under this section, the court, in its discretion, may award reasonable attorneys’ fees as part of the
costs . . . to a prevailing party who is a State educational agency or local educational agency . . .
.” 20 U.S.C. § 1415(i)(3(B)(i)(II) and (III). “A ‘prevailing party’ is one who ‘succeed[s] on any
significant issue in litigation which achieves some of the benefit the parties sought in bringing
suit.’” Keene v. Zelman, 337 F. App'x 553, 556 (6th Cir. 2009) (citing Tompkins ex rel. A.T. v.
Troy Sch. Dist., 199 F. App'x 463, 465 (6th Cir. 2006) (quoting Hensley v. Eckerhart, 461 U.S.
424, 433 (1983))). “Such success alone, however is not enough. The term ‘prevailing party’ also
requires that there be ‘a court-ordered ‘change [in] the legal relationship between [the plaintiff]
and the defendant.’’” Tompkins ex. rel. A.T. v. Troy Sch. Dist., 199 F. App'x 463, 466 (6th Cir.
2006) (emphasis added) (quoting Buckhannon Bd. & Care Home, Inc. v. W. Va. Dep't of Health
& Human Res., 532 U.S. 598, 604 (2001) (quoting Tex. State Teachers Ass'n v. Garland Indep.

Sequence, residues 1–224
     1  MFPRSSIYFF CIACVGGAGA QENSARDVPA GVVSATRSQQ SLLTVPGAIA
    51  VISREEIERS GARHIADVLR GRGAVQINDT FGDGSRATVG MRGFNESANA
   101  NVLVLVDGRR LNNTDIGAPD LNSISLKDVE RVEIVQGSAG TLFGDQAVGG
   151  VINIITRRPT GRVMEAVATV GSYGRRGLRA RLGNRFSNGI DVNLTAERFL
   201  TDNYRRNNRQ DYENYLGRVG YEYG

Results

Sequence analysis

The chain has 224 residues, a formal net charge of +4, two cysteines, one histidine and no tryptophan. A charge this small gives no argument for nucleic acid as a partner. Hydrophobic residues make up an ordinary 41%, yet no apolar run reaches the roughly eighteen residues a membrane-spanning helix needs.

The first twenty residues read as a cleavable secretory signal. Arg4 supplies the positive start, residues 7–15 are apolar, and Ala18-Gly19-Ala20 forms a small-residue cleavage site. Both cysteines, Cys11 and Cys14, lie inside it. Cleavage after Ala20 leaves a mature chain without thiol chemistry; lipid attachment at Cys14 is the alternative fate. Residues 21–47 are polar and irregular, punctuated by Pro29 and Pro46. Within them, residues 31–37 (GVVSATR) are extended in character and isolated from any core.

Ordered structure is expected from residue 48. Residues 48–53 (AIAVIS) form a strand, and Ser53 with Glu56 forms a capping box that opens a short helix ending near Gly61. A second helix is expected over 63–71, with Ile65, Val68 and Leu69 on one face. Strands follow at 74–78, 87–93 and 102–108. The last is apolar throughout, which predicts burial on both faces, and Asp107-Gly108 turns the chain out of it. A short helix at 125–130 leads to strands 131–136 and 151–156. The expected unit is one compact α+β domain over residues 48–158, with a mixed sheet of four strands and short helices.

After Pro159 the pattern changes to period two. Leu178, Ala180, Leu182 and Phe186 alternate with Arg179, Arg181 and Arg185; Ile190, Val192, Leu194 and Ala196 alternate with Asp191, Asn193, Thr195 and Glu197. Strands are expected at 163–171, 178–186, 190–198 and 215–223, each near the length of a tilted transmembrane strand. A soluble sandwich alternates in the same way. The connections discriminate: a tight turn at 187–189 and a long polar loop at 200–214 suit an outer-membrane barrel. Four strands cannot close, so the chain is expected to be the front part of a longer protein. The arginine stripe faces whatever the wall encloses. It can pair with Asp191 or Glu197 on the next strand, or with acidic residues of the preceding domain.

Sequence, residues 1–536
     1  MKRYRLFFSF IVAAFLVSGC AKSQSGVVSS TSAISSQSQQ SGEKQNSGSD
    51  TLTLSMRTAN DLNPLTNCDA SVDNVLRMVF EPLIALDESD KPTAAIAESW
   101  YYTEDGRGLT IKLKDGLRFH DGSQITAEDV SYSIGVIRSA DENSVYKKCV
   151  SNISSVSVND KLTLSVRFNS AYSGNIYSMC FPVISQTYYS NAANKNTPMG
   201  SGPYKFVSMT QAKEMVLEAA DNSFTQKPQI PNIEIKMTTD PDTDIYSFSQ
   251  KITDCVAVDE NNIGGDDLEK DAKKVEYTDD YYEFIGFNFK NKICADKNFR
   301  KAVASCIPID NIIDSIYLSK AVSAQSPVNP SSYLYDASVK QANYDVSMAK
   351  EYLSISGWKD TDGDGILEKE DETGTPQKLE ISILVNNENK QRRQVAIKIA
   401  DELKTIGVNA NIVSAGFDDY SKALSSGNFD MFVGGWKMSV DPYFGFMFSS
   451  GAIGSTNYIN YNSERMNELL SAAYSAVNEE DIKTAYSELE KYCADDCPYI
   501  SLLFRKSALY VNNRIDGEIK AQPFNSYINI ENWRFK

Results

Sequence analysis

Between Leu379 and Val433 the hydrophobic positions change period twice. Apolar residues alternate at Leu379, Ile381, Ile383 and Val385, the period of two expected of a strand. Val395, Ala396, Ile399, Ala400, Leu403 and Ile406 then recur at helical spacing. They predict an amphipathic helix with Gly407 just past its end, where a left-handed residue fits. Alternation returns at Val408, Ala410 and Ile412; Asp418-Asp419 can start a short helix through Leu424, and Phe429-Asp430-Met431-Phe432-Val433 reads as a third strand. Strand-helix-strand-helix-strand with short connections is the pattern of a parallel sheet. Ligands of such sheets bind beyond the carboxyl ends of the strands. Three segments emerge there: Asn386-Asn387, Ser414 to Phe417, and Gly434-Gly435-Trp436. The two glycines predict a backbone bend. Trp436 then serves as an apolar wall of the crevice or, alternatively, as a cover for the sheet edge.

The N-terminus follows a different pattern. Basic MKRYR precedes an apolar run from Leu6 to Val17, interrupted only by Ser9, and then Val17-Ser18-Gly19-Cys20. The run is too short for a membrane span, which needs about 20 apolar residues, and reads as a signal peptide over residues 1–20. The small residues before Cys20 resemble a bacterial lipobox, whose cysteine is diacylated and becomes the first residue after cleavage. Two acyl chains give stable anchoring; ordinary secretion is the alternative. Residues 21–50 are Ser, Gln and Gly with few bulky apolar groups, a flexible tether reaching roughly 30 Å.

Sch. Dist., 489 U.S. 782, 792 (1989))). “Both judgments on the merits and ‘settlement
agreements enforced through a consent decree’ qualify as ‘court-ordered’ changes with ‘the
necessary judicial imprimatur.’” Id. (citations omitted).
Defendant argues that because the resolution of the administrative appeal action, Case
No. 5:16-CV-112, was pending before this Court, at the time Plaintiff filed its initial complaint
for fees, Plaintiff could not be a prevailing party. ECF No. 46-1 at PageID#: 719. This
argument, however, is now moot because on September 22, 2017, the Court ruled in favor of
Plaintiff in Case No. 5:16-CV-112. See ECF No. 36 (Case No. 5:16-CV-112) (related case).
Therefore, Plaintiff is the prevailing party, and Defendant’s motion to dismiss for lack of
standing, is denied as moot. The Court need not further consider the issue.
D. Plaintiff's Award of Costs (i.e., Hearing Officer Fees and Transcripts) under 20
U.S.C. § 1415(i)(3)(B)(i)(II) and (III)
In addition to attorneys’ fees, Plaintiff seeks to recover expenses, related to hearing
officer fees and transcripts, against Defendants pursuant to the IDEA’s fee-shifting provision.
ECF No. 36 at PageID#: 555. This provision states that “the court, in its discretion, may award
reasonable attorneys’ fees as part of the costs . . . to a prevailing party who is a State educational
agency or local educational agency . . . .” 20 U.S.C. § 1415(i)(3(B)(i)(II) and (III). The Sixth
Circuit has held that a district court has “wide discretion” in awarding the prevailing party costs
and attorneys’ fees. Utica Cmty. Sch. v. Alef, 2017 WL 4461075, at *3 (6th Cir. Oct. 6, 2017).
In Utica Community Schools v. Alef, the Sixth Circuit concluded that administrative
hearing costs are included within the term “costs” under the IDEA. Id. at *1–2; see Fox v. Vice,